La Haine is a black-and-white film from 1995 that garnered a great deal of attention and acclaim for its gritty depiction of life in the slums of France. In English, the title means “hate.” The film, directed by Mathieu Kassovitz, is an examination of violence. The Criterion Collection, having previously issued it on DVD, has now made it available as a technically superb Blu-ray edition. The critical consensus seems to clearly justify such treatment, and apparently the film is extremely highly regarded in France. It’s not an easy film to love, but definitely has interesting elements and deeply committed performances by its primary cast.
Three young men, Vinz (Vincent Cassel), Hubert (Hubert Koundé), and Saïd (Saïd Taghmaoui), spend a single day contemplating avenging their fallen friend, Abdel. Hospitalized after a brutal beating at the hands of law enforcement, Abdel had gotten caught up in riots that consumed Paris. During these riots, a police officer lost his firearm. Vinz found it and wants to use it on someone. The three friends are without any discernible purpose or ambition. They wander around the lower class suburbs of Paris, biding their time as they discuss retaliation to get even for what happened to their gravely injured friend.
Kassovitz, who also scripted the film, gives his trio of primary characters a handful of traits to distinguish them from one another. There’s a certain amount of cliché in each case, particularly the prototypical hothead Vinz. Though very well portrayed by Cassel, the wannabe tough guy part has been done to death. Hubert is the sympathetic one, a boxer and stoner who just wants to the leave the cycle of violence behind him. Less defined is Saïd, who kind of represents a more moderate, level-headed sensibility. Not much happens as they traipse around the neighborhoods, basically wasting the single day depicted throughout the film (one of Kassovitz’s cornier gimmicks is flashing the time of day against a black background throughout the film). They get into fights, they threaten various hoods, and they try to avoid entanglements with law enforcement.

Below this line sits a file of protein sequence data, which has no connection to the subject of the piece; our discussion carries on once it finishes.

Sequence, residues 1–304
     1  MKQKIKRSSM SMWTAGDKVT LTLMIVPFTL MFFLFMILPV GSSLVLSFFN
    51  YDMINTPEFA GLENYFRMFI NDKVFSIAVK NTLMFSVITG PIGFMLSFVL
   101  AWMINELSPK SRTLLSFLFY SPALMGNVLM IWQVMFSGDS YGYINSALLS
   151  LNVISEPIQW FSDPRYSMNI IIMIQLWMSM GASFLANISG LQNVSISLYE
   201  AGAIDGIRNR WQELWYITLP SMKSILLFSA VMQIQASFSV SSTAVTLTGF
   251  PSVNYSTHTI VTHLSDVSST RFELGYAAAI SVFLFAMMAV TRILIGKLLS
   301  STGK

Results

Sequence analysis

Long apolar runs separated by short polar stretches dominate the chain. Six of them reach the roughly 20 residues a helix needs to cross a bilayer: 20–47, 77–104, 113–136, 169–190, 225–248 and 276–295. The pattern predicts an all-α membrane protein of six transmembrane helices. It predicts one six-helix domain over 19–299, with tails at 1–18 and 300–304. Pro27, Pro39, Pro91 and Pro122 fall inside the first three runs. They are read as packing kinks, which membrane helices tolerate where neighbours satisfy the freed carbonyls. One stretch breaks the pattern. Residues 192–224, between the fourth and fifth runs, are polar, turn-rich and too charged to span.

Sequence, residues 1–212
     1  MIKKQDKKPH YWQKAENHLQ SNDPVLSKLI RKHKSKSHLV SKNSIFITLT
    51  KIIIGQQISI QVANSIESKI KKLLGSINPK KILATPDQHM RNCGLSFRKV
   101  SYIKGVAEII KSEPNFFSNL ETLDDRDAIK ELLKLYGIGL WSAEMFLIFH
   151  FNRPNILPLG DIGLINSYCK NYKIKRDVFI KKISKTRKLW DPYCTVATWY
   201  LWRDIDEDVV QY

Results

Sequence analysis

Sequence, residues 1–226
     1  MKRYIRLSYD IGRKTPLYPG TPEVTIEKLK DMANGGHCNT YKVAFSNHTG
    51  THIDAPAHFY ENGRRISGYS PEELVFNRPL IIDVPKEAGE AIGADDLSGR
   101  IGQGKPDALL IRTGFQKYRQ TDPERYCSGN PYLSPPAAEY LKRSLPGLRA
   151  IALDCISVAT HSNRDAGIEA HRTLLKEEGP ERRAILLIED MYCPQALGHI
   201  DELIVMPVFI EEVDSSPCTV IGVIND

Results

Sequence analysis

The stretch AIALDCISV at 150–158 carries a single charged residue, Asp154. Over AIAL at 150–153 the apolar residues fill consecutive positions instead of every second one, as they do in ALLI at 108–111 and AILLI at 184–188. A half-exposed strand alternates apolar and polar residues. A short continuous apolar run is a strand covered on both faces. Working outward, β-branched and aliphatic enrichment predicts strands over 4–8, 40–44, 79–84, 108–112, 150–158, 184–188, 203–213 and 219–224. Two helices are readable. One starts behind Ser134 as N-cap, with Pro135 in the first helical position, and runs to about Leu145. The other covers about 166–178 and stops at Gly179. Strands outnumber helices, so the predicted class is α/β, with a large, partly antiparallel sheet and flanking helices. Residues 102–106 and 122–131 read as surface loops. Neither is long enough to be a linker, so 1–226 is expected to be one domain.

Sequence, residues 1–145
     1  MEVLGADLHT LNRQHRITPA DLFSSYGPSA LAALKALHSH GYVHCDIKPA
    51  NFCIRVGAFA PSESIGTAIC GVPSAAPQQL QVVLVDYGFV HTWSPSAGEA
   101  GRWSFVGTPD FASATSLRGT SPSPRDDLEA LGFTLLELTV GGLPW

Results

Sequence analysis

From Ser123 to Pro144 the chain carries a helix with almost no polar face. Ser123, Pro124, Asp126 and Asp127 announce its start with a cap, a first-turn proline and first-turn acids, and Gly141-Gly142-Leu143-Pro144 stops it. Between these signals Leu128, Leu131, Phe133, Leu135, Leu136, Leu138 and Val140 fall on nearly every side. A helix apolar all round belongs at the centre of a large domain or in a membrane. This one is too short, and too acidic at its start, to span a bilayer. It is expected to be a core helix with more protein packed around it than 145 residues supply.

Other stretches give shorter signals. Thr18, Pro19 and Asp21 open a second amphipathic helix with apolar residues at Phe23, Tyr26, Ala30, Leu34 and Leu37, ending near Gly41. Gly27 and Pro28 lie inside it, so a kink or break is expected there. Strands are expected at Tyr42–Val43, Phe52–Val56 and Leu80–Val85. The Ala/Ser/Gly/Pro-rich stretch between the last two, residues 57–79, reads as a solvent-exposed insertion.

By the time the rather forced tragic dénouement rolls around, there has been no valid connection established between the viewer and characters. They are unsympathetic chumps, difficult to develop any true emotional attachment to. At least that was my experience, but again the film has a considerable fan base among critics and cineastes in general. Stylistically the film is quite vivid and visceral, with striking camera work and stark, but beautiful, black-and-white cinematography. At just over 90 minutes, La Haine moves quickly, but ultimately left me feeling oddly uninvolved, indifferent to the plight of these characters.
The Criterion Collection has given La Haine a stunningly effective Blu-ray treatment. The 1080p transfer brings out the very best in Pierre Aïm’s cinematography. The black-and-white imagery looks very sharp and detailed, with rich subtleties in the various shades of gray. Close-ups of actor’s faces practically allow the viewer to count pores. Wide shots aren’t quite as sharp, and natural film grain is more noticeable but never distracting. Director Mathieu Kassovitz supervised the transfer and he has every right to be proud of the way his movie looks in high definition.
The audio of La Haine is equally impressive, with a DTS-HD Master Audio 5.1 mix that does much more than showcase the film’s dialogue. It does that just fine, with the French dialogue sounding natural and free distortion. But all channels are used effectively, with ambient effects creating a realistic audio environment that suits the realism of the film. Not that anyone would describe this as an action film, but there are some rowdier scenes that involve the surround channels to a significant degree. During these action-oriented segments, the mix is satisfyingly immersive.
A fair amount of supplemental features are included on La Haine. Kassovitz provides a director’s commentary track that sheds a great deal of light on all aspects of the film. A substantial, feature-length documentary “Ten Years of La Haine” contains further insights from Kassovitz, as well as the film’s producers and some of the principal actors. “Social Dynamite” is a half-hour piece that takes a sociological view of the film, putting it in the context of real-life contemporary France. Jodie Foster, a huge supporter of the film, is featured in an enthusiastic 15 minute introduction. A couple of short featurettes and a selection of brief deleted scenes round out the extras. As usual with Criterion, a meaty booklet accompanies the release, packed with photos and informative essays.